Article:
Sometime around twenty-one or twenty-two, after much consultation with friends who’d already taken the leap, I got contacts. I loved them right away. They took my disability and made it go away. It required some practice but in no time I had no trouble putting contacts in my eyes. There was the odd mishap, like the time my lens got too dry and scratched my cornea, and the time a lens split in half in my eye and rolled up under my eyelid. (I freaked out at that one, until I reasoned that the lens couldn’t get lost behind my eye, that it had to be just under the eyelid, and sure enough a doctor flipped the eyelid back and got it out.)

Once I accidentally washed my contacts down the drain (I got mixed up and thought I was rinsing out my contact lens container). No problem, I resorted to glasses. But by then I had developed a loathing for glasses, and on the subway I took them off to get a break from them and set them on the seat beside me. Then got up at the next station stop and left them behind. They never showed up at Lost and Found, so for three days, while I waited for replacements for both my contacts and glasses, I was forced to live life with my natural-born eyesight.

Because I always had some form of vision correction, I hadn’t noticed how badly my eyes had deteriorated. I wasn’t exactly blind — I could still see close up, but what an eye opener, pun intended. I still had to go to work. I remember editing audio tape with the tape machine inches from my eyes. I went to the zoo with my girlfriend and was unable to see any animals. I couldn’t watch television, there was no point going to movies, and I couldn’t even read a book or magazine with comfort. I realized for the first time in my life how much of a disadvantage I would be at had I been born in a time without vision correction — in other words, for most of human history.

But other than those incidents I had a good twenty-six years wearing contacts.

Until a couple of years ago. When I started getting headaches.

I have an astigmatism. I can’t see far away and just about all distances are blurry to me. In my mid-forties, as I think is the case for just about everyone, I started to develop far-sightedness, or an inability to see close up. My eyes began to lose their elasticity. My contacts couldn’t correct all my vision problems.

I persisted anyway. I loathed glasses, I told myself. It was inconceivable that I should have to wear them all the time. I dealt with the headaches. I worked through them, lived with them. Never felt completely normal — unless I wore glasses. I tried different contacts, but none of them made the headaches completely go away. Some days were worse than others. You might think, why would he put himself through that? I would refer you back to the part of this essay where I mention loathing glasses.

Still, the older I’ve gotten the more I’ve made my peace with glasses. They allow me to see, after all. They are a miracle product — not as elegant as contacts, which allowed me to pretend that I didn’t have a disability, but thank God for them.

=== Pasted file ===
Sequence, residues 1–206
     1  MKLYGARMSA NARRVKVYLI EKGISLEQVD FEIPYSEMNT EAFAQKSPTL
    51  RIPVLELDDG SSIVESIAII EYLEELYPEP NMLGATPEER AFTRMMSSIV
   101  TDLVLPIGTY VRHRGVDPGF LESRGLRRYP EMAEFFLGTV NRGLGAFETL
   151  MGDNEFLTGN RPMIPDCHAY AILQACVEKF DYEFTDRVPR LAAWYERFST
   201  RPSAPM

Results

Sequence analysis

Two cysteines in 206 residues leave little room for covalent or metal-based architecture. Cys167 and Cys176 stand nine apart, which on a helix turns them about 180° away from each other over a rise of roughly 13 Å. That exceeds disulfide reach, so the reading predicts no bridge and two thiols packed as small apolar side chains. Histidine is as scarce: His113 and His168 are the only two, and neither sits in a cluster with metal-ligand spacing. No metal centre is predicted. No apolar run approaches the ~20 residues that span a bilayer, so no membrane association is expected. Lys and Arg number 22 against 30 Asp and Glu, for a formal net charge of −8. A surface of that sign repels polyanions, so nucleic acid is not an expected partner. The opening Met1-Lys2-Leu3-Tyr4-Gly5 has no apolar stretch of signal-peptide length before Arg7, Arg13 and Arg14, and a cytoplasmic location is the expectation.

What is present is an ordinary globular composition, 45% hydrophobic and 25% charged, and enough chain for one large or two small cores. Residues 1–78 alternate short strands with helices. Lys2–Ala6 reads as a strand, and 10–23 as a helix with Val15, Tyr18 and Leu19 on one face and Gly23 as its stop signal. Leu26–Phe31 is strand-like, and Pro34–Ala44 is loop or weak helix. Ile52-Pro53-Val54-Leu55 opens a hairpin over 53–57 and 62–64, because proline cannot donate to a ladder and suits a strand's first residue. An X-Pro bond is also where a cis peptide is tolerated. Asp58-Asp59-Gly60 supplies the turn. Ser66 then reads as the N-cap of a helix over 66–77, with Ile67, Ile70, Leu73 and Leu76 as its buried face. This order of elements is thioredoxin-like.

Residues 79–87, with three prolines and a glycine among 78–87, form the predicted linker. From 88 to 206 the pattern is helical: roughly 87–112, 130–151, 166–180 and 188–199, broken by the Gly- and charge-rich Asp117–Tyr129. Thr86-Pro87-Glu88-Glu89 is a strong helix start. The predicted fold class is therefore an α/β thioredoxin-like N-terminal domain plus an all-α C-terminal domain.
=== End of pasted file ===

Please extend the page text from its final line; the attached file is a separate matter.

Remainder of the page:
Because last weekend the headaches were so bad that I was practically in tears by the end of the day (I wasn’t actually in tears, mind you — I am a man, and as such I have never cried, and probably never will.) It was obvious that the end was nigh. I knew this would be the case someday, but I thought that day would be when I was seventy, not forty-eight.

I have worn glasses every day since. Twice I have put the contacts back in but haven’t been able to stand them any longer than an hour. I am looking at a future of glasses and no contacts.

My optometrist tells me she has one more trick up her sleeve. Something called “monovision”, which involves correcting for distance in one eye and up close with the other eye and letting the brain try to make sense of it all. I’m not optimistic, but I’ll give it a try. I’d sure like to be able to wear contacts again.

Still, if I have to wear glasses full time I will accept it with grace. Why wouldn’t I? There are people who suffer much worse fates — loss of limbs, chronic pain, what have you. What’s having to wear glasses compared to that? Nothing more than an annoyance.

So if you see me with glasses and wonder what’s up, that’s it. Get used to it.

I intend to.

What Did We Know?

Three Oaks Senior High School

Three Oaks Senior High School

My wife and I were discussing reunions for the High School we both attended, Three Oaks Senior High School in Prince Edward Island. Neither of us has ever managed to attend a reunion because we live in Ontario, only get back to PEI every two years (if that), and when we do get back any reunions are invariably held the week before or after we’re there (hmm… makes you wonder).

We got to talking about the so-called “in-crowds” which neither of us were ever a part of, if such things even existed at Three Oaks.

We agreed that it was a long time ago and probably everybody’s changed anyway.

“What did we know back then, anyway?” I said. “Nothing, that’s what we knew. We were just kids. We didn’t know anything.”

“You didn’t know anything,” my wife corrected me. “But I’m pretty sure everybody else knew some stuff.”

Effectively ending the conversation (it’s hard to talk when you’re too busy laughing).